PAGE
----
It could be the antics of bubble-blowing divers, but it seems it is only misfit loner dolphins and the odd pod which get as big a kick out of divers as we do from them. John Bantin, with help from John Liddiard and Ralf Åström, sets out to nail the questions surrounding diver-dolphin encounters.
You have to stimulate a spotted dolphin - just get them wake-surfing, jump in the water and don't stop moving, says John Liddiard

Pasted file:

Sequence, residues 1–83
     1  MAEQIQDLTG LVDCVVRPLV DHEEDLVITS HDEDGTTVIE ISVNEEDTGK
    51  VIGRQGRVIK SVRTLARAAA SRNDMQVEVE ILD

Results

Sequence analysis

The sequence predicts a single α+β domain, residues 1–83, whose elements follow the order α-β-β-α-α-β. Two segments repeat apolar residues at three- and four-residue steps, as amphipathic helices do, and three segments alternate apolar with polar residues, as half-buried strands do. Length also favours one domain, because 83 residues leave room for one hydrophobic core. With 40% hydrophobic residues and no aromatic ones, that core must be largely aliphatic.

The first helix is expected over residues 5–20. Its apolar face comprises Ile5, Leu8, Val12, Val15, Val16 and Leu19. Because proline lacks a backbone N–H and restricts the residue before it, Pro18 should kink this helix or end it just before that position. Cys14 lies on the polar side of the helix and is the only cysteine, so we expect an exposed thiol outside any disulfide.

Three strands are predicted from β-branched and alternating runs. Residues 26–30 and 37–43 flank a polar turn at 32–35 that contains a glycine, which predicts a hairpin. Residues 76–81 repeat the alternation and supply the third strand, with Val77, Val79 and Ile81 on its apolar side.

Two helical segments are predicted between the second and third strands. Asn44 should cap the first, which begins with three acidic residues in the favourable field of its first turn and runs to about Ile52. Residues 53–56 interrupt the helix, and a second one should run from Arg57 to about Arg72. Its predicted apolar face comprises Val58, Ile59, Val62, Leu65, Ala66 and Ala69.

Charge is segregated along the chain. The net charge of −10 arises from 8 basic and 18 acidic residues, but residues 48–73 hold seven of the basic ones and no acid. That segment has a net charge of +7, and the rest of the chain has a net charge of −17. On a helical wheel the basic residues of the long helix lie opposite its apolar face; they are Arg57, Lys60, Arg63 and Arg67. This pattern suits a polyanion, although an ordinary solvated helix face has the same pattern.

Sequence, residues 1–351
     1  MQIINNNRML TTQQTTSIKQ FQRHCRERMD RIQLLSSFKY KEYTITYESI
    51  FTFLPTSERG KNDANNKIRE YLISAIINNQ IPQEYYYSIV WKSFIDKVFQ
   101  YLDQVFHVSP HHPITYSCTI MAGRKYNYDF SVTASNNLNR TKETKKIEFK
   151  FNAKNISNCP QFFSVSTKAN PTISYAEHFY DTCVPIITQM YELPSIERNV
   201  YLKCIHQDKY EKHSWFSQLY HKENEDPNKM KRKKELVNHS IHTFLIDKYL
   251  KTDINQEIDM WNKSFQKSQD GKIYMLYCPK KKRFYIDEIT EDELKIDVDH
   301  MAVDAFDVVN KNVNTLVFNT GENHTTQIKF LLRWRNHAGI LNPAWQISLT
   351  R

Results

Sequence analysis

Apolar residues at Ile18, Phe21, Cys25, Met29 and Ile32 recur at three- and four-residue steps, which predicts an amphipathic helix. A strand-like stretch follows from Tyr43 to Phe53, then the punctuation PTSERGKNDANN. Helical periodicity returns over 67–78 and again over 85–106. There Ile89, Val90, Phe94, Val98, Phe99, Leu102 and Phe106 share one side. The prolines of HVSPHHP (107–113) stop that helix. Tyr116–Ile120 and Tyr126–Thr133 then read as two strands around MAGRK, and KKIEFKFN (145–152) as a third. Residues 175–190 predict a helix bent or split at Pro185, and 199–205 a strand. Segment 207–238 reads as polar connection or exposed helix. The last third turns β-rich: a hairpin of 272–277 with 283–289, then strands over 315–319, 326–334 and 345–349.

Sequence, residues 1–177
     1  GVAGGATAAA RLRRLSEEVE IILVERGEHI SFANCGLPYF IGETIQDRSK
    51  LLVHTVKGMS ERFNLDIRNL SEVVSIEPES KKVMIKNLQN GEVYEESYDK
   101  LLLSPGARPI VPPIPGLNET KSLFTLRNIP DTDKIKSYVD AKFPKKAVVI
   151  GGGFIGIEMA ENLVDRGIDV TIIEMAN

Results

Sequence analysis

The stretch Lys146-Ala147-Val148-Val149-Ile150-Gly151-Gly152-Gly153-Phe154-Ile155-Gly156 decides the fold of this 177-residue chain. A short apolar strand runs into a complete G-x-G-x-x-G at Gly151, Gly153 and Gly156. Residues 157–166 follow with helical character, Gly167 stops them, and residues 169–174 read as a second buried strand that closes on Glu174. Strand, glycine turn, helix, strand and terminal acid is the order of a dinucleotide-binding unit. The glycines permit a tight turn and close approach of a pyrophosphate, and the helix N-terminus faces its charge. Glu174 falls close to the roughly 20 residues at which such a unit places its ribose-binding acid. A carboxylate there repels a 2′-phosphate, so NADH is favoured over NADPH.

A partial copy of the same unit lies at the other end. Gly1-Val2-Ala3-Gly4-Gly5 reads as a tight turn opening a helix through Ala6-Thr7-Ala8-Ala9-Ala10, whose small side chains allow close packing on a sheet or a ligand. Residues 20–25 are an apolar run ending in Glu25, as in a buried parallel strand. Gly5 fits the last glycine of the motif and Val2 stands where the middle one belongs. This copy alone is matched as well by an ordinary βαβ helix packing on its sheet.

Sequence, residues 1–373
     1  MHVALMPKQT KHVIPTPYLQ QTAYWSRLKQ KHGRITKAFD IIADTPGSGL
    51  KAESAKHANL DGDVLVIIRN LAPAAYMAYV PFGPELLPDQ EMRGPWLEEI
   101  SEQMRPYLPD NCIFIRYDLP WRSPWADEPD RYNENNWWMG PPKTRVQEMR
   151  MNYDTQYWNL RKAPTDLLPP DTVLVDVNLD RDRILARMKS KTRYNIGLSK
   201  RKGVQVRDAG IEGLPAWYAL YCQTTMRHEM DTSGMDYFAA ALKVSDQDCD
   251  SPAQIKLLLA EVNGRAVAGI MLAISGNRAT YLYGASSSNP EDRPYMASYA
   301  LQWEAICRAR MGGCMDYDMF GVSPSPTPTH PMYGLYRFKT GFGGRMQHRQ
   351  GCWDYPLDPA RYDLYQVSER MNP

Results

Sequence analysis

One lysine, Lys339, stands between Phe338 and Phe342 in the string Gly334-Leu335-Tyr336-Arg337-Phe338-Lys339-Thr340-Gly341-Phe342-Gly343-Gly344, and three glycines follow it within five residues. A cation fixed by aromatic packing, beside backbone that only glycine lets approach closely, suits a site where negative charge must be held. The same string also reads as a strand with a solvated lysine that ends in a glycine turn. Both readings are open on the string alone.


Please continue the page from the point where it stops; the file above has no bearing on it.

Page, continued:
A clear blue sky over a slightly choppy, tropical sea; islands dotted with palm trees on the horizon; a boat driving in large circles at high speed. We weren't lost and we weren't searching for a wreck. It was all part of a strategy to swim with spotted dolphins on the Bimini Banks in the Bahamas. A day before, I had joined the live-aboard Sea Fever in Miami. Originally built to ferry crews to oil rigs in the Gulf of Mexico, the 35m aluminium dive boat made short work of the crossing from Miami to the Bahamas. A couple of warm-up dives and a night tied up at Bimini, and we were up for an early start. looking for dolphins. Having found some, the trick was to get them in a playful mood. They liked to ride the wake of a boat, but would give up if we took them too far from where they wanted to be. With the boat describing large circles, the dolphins could join and leave the boat-chasing and wake-surfing game whenever they wanted, without straying too far from their friends and relatives. Clutching cameras and videos, and with fins, masks and snorkels in place, we lined up on the swim platform. It was impossible to see what was going on, but the message came down from the bridge to be ready. The note of the engines changed as the captain put them in neutral. The boat was still drifting forwards when the dive master shouted: 'Go go go!' and we launched ourselves into the sea like well-trained paratroopers. A mass of bubbles, a quick camera-check, and I just had time to look through the viewfinder before the first dolphin came zooming past. With a quick barrel roll he dipped beneath me and banked to circle the group. I managed to shoot a few frames, probably of a bit of tail and my own fins, because everything was happening so fast I took a deep breath and dived for the white sand 10m below. Above me, other divers were swimming with a purpose; they obviously had a dolphin in sight. One dived below them, rolling and turning from side to side, swimming a high-speed slalom between their feet. Curiosity aroused, he was heading straight for me, but there was never any question of a collision. He was constantly in motion, teasing me to try to turn as fast as he could. My lungs bursting, I swam hard towards fresh air, twisting all the time to keep the dolphin in view. Below, one of the other divers was swimming to the seabed. I watched from the surface as a group of dolphins converged, then spiralled around him. They hit the seabed in a bomb-burst manoeuvre, like the Red Arrows, spinning out in all directions before turning back to spiral around the now-ascending diver. A few more passes left the divers widely dispersed. I looked up to see the skipper signalling for us to regroup. A tight knot of divers formed while Sea Fever headed off in another series of big circles, gathering dolphins for some more wake-surfing. The boat turned in close and glided past, its engines cut. A massive wake bobbed us up and down, then the dolphins were back and the diver-teasing continued. After 20 minutes the dolphins had finished, and so was my film. We climbed back aboard to rest and reload. Similar in shape to bottlenose dolphins, these creatures are born a uniform slate-grey colour, acquiring spots slowly as they age and acquiring the full suite of mottling only on reaching maturity. They use their sonar to detect flatfish and other animals hiding in the sand, then a quick snuffle and dinner is easily caught. Large communities of spotted dolphins live on the Grand Banks and Bimini Banks. These dolphins and other cetaceans don't like divers' bubbles, which is why we had to leave our aqualungs on the boat and snorkel. Like many intelligent mammals, they are not interested in anything static, but want to play, hence the strategy of getting them interested in surfing the boat's wake. A similar approach was needed in the water. The dolphins ignored divers who just floated and watched, but immediately joined anyone diving to the seabed or turning somersaults. The boat cruised gently forward, while on the flying bridge above us the captain looked out for more dolphins. Once spotted, Sea Fever accelerated and began to circle until they were surfing the wake again, but this time I was not so lucky. Once in the water I got only a glimpse before the dolphins were gone. We waited for 10 minutes but to no avail. Perhaps we were impatient and jumped in before the dolphins were hooked on the surfing game. Back on board, we cruised the banks looking for more dolphins. It took a while before we found them, but once located they were soon enticed into playing behind the boat. Now more cautious, we accepted a long wait on the swim platform while allowing our friends to become well and truly hooked on the game. The delay was worthwhile, because third time was definitely lucky. Half a dozen dolphins, including a mother and calf, decided to join the fun and spent several minutes formation-flying round us, as we repeatedly dived and somersaulted to entertain them. Breaking formation and swooping in from the side, a dolphin made a tight S-turn and came to a momentary halt, looking directly into my lens. If dolphins could wink, I am sure there would have been a mischievous flip of the right eyelid.